BOULDER, Colo. – The questions remain.
If you asked any member of the Washington Huskies men’s basketball team earlier in the week what they needed to do win on the road, they all had the same answer. Play good defense, take good shots and keep their composure.
Sounds easy, right?
Not for this team. Nothing comes easy away from Seattle.
The Huskies fell Thursday to 0-5 in games outside of Hec Edmundson Pavilion, suffering through an 87-69 thrashing by the Colorado Buffaloes at the Coors Event Center.
For three- to four-minute spans to start each half, the Huskies (8-6 overall, 2-1 Pacific-12 Conference) did the things they had preached. The rest of the time, it was more of the same – bad shots, worse defense and a composure level that bordered on panic, given the situation.
“Coming into the game, I felt like we were really prepared,” said sophomore guard C.J. Wilcox, who came off the bench to score 19 points. “But in the back of our heads we knew we hadn’t gotten a win on the road, and it’s just kind of there. And things start going in the opposite direction and we just fall apart.”
The way the Huskies played stunned coach Lorenzo Romar. While no road game is easy, Romar thought his team was playing its best basketball of the season following last week’s home wins over Oregon State and Oregon.
“I was really disappointed,” Romar said. “I thought we had made progress.”
Instead, his team regressed.
“We did things that were unexpected of us,” Romar said. “We didn’t guard like we should have. We didn’t share the ball, things of that nature.”
Colorado (10-4, 2-0) shot 49.1 percent from the field and 57 percent from 3-point range. The Buffaloes abused the Huskies’ man-to-man defense and exploited the 2-3 zone Romar employed.
“It was one of those nights where nothing worked,” Romar said.
Offensively, the Huskies had six assists on 27 baskets. It didn’t help that Washington’s post players couldn’t finish layups when guards made the extra pass. But the Huskies had far too many possessions of one or no passes before a shot being attempted.
“They were quick shots,” Romar said. “On the floor, you have to realize, ‘all right, we’re going to work it around, and if we miss, at least we are going to make them guard us.’ We didn’t do that.”
So why did they take the quick shots?
“You get down, people get desperate and they forget about the offense, and they just drive,” Wilcox said. “That’s what happens when you get just six assists.”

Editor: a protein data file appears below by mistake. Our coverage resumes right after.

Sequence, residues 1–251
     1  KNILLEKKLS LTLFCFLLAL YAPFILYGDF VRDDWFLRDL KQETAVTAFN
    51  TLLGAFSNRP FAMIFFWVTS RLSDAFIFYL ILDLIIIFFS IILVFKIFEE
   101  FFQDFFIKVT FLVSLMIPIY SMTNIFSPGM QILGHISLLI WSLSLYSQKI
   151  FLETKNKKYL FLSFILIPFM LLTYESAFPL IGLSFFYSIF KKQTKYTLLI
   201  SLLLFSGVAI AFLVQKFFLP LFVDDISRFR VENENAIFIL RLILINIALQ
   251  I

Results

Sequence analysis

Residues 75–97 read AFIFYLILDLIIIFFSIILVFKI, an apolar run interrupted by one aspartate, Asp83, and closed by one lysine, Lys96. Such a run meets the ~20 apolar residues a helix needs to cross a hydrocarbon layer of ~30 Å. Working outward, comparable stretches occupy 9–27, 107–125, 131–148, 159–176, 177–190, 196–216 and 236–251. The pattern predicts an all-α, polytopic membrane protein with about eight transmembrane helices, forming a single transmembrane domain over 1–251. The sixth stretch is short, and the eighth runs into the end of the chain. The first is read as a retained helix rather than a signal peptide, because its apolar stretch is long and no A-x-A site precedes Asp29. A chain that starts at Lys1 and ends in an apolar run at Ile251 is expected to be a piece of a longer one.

The Huskies jumped out to a quick 7-0 lead, while Colorado looked out of sync. The lead ballooned to 14-5 after Wilcox buried a 3-pointer and made a floater in the lane.
But the Buffaloes ripped off a 14-2 run to take a 19-16 lead. Washington would grab its last lead, 22-21, a few minutes later on back-to-back Tony Wroten baskets.
But the lead was erased in the oddest of ways. Senior Carlin Brown found himself with the ball and the shot clock winding down. He drove the lane and found himself caught in the air in no position to take a good shot. Instead he fired the ball off the backboard and then sprinted to the hoop, grabbing the ball out of the air and laying it in before the shot-clock expired.
“Those plays kill you,” Wroten said. “We play good defense for 32 seconds, and in the last three seconds they get a play like that and it gets the crowd into it.”
The play gave the Buffaloes a lead they would never surrender. Colorado outscored Washington 17-8 from there to end the half and take a 40-30 lead.
Like the first half, the Huskies again started off strong after the break. They whittled the lead down to six points twice in the first three minutes.
“We couldn’t sustain it,” Romar said.
Washington got no closer.
Abdul Gaddy fouled Spencer Dinwiddie on a 3-point attempt. Dinwiddie sank all three free throws to put the lead back to nine. From there Colorado pushed its lead to as much 24.
Colorado had five players score in double figures with Brown leading the way with 18 points. The Buffaloes’ Askia Booker came off the bench to hit three 3-pointers to lead Colorado’s 8-of-14 accuracy from long range.
Of Washington’s 69 total points, 53 came from the trio of Wilcox, Wroten and Terrence Ross.
Wroten led all scorers with 21 points on 9-of-16 shooting, but was just 3-of-8 from the foul line. He also had three assists, seven steals and five turnovers.
Ross added 13 points and pulled down 10 rebounds.
Washington’s starting posts – Aziz N’Diaye and Darnell Gant combined to go 1-for-9 from the field and 2-for-2 from the free-throw line to score a total of four points. They had six rebounds between them.
“We have to be a mentally and physically tougher team,” Romar said. “That’s the whole thing.”